The only reason I can think of to push the independent play is that it will be helpful when Bunlet comes along. But that seems like all the more reason to be really present to the fabulous one-on-one time that you guys are lucky enough to have right now. You can work on the independence stuff when Bunlet’s arrival is more immanent.

    May 3, 2012
  3. I love your thoughts on low quality parenting. Although I didn’t place the same eloquent label on it, that’s exactly what I’ve thought when I caught the hubs playing a computer game with one hand while feeding our child using the other. Don’t worry – it only happened the one time…

    That’s one very small advantage for having my child in daycare. I figure she gets plenty of alone playtime while there, especially before she starts chatting with the other kiddos. So in the evenings when I have my scant minutes of playtime with her, I am all hers. But in the morning, after I feed her, she has about 10-15 minutes of alone time while I’m scurrying around the house getting stuff together before work, and she handles it like a champ. I’m very thankful that she doesn’t flip out during that time – very important!

    Love the idea of Bun Bun’s own cabinet. Will definitely need to implement that shortly…

    May 3, 2012
  4. Genius treats in eggs for her to discover! I also think the independent play matters with the kid. It sounds like she’s not requiring you to actively participate, but likes knowing you are in the room with her. Who doesn’t like a bit of company?

    I am imagining you following her around as she gets ready for a dance in her teenage years asking her why you aren’t allowed to chaperone the events anymore, pleading that you are in fact, someone who can bust a move, and you are a COOL parent unlike Suzie neighbor’s mom who is all squaresville. You are so right that she’ll be ready to strike out on her own, but I feel like this time with her is what will give her that independence to know that as she ventures on, you’ll be behind her when she needs you.

    May 3, 2012
  5. I feel the same way about saving those sorts of activities for when you’re not in charge of the child… although I find that with two, I get stressed out and I start craving a break and I sneak onto the computer and they inevitably disturb me and I get mad with myself and… it never works out well.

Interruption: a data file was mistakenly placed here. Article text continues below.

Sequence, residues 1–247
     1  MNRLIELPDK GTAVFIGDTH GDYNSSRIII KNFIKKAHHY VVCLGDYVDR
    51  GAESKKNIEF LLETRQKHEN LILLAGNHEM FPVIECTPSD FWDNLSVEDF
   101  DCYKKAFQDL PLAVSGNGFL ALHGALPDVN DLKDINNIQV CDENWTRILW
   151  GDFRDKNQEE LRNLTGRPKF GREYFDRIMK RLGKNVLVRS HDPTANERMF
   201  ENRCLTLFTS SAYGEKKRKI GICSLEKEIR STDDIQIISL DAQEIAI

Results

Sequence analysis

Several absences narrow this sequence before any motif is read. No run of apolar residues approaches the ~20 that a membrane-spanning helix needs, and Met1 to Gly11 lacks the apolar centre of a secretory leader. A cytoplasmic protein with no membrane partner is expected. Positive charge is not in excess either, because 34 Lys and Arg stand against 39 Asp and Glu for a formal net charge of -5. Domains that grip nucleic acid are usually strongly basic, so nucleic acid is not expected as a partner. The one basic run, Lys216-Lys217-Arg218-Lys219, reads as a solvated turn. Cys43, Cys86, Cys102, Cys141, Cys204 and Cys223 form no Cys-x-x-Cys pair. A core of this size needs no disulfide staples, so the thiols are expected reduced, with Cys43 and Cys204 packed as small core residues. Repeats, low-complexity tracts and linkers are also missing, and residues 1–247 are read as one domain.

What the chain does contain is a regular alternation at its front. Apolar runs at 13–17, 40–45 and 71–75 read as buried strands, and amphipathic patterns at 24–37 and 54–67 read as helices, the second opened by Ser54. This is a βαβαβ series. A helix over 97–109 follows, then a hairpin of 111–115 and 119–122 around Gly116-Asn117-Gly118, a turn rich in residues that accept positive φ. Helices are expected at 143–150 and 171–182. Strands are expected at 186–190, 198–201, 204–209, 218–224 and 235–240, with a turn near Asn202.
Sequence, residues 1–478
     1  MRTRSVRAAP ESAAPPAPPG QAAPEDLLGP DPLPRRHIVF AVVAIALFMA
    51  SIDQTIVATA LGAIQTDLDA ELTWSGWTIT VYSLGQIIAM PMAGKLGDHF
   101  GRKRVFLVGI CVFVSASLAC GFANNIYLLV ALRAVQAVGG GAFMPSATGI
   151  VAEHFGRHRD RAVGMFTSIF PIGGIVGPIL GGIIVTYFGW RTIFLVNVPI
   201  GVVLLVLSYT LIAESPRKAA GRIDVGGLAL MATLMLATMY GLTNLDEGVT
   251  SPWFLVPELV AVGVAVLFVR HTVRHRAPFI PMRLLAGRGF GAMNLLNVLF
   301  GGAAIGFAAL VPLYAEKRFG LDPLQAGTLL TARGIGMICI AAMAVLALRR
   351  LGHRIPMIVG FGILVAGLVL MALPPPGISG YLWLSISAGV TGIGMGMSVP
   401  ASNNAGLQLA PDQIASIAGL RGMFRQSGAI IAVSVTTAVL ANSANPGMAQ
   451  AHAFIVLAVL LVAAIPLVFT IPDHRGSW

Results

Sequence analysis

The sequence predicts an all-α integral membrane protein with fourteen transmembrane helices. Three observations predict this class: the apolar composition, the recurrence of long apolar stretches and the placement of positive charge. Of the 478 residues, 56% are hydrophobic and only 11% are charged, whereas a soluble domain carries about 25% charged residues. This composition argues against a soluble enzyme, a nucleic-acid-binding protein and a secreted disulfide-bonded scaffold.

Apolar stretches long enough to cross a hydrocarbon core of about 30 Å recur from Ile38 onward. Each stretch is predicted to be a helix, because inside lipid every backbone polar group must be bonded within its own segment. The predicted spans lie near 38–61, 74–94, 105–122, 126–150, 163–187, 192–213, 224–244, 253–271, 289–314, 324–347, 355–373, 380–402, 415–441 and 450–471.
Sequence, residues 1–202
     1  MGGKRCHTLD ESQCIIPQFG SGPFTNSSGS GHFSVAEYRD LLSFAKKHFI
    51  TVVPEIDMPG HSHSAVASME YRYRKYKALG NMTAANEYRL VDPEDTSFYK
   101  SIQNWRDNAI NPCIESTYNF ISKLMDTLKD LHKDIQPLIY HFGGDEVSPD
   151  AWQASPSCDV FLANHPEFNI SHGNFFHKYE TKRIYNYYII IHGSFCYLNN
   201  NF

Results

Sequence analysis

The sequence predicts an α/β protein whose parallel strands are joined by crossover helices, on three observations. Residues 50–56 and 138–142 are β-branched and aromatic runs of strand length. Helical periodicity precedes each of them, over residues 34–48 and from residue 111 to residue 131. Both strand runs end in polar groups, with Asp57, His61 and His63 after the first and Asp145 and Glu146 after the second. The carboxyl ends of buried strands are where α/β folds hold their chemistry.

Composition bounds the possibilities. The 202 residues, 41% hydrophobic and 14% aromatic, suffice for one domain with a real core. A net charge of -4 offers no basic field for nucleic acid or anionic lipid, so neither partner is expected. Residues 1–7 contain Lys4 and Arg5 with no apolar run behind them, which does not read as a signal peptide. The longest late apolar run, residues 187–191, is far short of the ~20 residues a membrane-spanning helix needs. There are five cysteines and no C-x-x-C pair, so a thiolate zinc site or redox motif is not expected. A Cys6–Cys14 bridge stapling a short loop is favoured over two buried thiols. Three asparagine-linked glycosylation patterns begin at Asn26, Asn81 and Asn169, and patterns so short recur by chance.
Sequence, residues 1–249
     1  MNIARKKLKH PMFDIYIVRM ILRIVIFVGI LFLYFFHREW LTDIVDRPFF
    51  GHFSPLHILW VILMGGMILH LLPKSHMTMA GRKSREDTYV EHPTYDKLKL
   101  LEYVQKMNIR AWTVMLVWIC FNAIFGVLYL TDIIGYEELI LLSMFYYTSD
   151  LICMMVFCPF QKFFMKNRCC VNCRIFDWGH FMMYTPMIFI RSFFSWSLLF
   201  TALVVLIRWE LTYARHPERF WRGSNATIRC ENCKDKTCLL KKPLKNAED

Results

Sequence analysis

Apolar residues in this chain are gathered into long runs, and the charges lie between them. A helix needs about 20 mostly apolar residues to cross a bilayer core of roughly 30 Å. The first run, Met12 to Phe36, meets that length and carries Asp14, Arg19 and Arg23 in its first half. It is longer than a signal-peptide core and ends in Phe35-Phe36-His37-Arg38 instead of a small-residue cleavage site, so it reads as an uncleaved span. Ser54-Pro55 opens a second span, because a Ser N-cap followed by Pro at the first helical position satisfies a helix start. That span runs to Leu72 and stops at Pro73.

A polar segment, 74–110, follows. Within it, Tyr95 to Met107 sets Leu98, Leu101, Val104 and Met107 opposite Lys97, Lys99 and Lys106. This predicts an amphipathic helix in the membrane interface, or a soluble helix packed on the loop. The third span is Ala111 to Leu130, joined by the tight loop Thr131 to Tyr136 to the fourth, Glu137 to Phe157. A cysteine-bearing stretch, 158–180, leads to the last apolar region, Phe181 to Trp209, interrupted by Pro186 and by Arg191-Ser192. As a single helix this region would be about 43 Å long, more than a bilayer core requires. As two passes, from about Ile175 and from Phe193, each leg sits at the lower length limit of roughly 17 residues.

I find it hard to believe that you can leave a baby/toddler alone in a room to play. With both my children, they’ve gone off on their own occasionally to seek out entertainment, but if I try and leave them it doesn’t work. I am a big proponent of taking some time to sit back and watch though. Let the child figure it out for themselves and only step in as needed or wanted. It’s fascinating.

    Lately, I’ve been sucking at that, because I fall into the trap of thinking: “They’re occupied… I should be doing something constructive!”

    May 4, 2012
  6. SRB #

    If I read this on my phone, while swatting HGB’s hand away so I could finish it, BUT waited until after he had gone to bed to *really* read it and then comment, am I even?

    I let HGB play alone, but I don’t leave him to play alone if that makes any sense. If I see him really into something, I just let him have at it instead of narrating or being all “OOOOhhh look! Good boy!” or whatever. I pretty much just gawk at him in wonder like he is gawking at whatever has grabbed his attention. Or, I fuck around on my phone for a second.These days, as he is getting more mobile and way cooler it is usually the first one.

    May 4, 2012
  7. well, color me a low quality parent, then. i prefer to think of it as working independently.

    partly it’s out of necessity — i have barely enough childcare coverage to do my teaching, none for grading/planning, and i’m too wiped out at night. but partly, i just don’t see a big harm in it. the bean does his thing, i do mine, he gets me if he needs me, and i go visit him when i need a break. we go to a playgorund or the garden or someplace, too — it’s not like we’re just inside with me online all day — but i have a hard time seeing the harm i’m doing him in the mean time. possibly he tolerates independence better than some babies; possibly that’s been fostered in him. he seems pretty happy. (if i sound defensive, it’s because this is the second post on the topic i’ve read lately.)

    meanwhile, i love your cheerio rattle idea — totally stealing that one. sugar used to think i was crazy for letting visiting toddlers wreak havoc in the tupperware drawer. now she gets it.

    May 4, 2012